Description of Practice Perspectives: Adaptation of the Wilson Reading System for Braille Readers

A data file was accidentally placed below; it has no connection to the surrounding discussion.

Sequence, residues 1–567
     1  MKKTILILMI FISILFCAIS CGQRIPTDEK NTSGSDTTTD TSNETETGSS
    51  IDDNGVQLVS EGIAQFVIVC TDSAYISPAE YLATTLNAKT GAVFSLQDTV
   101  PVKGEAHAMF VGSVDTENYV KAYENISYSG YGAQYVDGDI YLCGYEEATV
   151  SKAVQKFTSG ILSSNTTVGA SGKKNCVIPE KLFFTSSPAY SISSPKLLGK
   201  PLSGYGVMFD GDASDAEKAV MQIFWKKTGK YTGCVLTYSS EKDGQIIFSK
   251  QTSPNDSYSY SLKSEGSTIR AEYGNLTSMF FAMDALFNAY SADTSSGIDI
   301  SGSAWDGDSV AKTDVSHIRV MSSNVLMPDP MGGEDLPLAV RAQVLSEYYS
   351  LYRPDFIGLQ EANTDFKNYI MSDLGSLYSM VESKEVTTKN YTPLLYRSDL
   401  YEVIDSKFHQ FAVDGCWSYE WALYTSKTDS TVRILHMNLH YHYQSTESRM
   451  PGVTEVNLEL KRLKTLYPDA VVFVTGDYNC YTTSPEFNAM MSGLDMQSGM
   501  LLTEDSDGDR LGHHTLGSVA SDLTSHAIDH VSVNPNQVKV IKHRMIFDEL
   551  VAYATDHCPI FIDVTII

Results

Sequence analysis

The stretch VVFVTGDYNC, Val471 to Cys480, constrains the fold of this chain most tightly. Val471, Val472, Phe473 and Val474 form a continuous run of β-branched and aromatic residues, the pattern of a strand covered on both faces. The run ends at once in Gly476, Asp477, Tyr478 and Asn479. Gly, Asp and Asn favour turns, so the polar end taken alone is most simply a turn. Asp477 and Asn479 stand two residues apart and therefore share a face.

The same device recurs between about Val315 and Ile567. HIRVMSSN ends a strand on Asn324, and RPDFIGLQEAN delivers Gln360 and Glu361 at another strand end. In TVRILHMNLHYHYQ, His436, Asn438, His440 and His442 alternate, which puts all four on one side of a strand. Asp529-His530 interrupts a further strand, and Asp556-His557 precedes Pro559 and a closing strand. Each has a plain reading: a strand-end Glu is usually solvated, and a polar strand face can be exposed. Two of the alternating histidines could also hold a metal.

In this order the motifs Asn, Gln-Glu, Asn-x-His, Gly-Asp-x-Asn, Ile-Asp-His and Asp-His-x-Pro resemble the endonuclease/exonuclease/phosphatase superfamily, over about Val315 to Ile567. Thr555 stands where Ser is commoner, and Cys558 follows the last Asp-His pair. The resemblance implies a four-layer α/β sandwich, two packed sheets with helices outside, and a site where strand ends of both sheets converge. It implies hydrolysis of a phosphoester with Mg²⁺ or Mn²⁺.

Teachers at Perkins School for the Blind have been teaching braille to students of all ages for many years. As part of this experience, the teachers at Perkins have seen many capable students of different ages struggle to learn to read and write braille. In particular, they observed students who were unable to sound out or decode words because of their own difficulty in determining what sounds to use. In an attempt to help these students improve their reading skills, teachers investigated a variety of print reading programs, and attended a Wilson Reading System introductory workshop. After beginning to use Wilson, this program was found to be a successful alternative reading program to help those students who were not reaching their potential. As teachers began using the program with more and more students, we learned that Wilson was also a helpful teaching tool for students who had other learning challenges in addition to decoding difficulties—such as weak language skills, poor comprehension skills, behavioral and attention difficulties, low motivation, and poor executive functioning skills. Wilson Language Training staff members provided invaluable support to Perkins throughout this journey, including by visiting our campus to provide additional training, answering numerous questions via telephone calls, and even providing us with electronic files of some of their instructional materials to help with the braille transcription process. As a result of the success students were experiencing through this instructional reading approach, Perkins planned a workshop that was open to all vision educators in New England. The workshop was copresented by a Wilson trainer and Perkins teachers, who demonstrated the various adaptations and modifications needed for braille readers. Given the significant amount of time it took individual teachers to prepare the instructional materials for braille readers, Perkins invited representatives from the American Printing House for the Blind (APH) to attend the workshop with the hope that they would be interested in producing this program in braille and large print, thus making it more readily available to teachers and students with visual impairments throughout the United States. There were many positive responses to the workshop, and the collaboration between Perkins, APH, and Wilson began.